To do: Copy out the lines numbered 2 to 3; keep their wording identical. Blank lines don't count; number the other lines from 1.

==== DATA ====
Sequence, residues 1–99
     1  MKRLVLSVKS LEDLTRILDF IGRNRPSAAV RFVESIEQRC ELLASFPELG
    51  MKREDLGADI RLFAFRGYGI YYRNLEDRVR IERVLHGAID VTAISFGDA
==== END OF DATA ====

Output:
     1  MKRLVLSVKS LEDLTRILDF IGRNRPSAAV RFVESIEQRC ELLASFPELG
    51  MKREDLGADI RLFAFRGYGI YYRNLEDRVR IERVLHGAID VTAISFGDA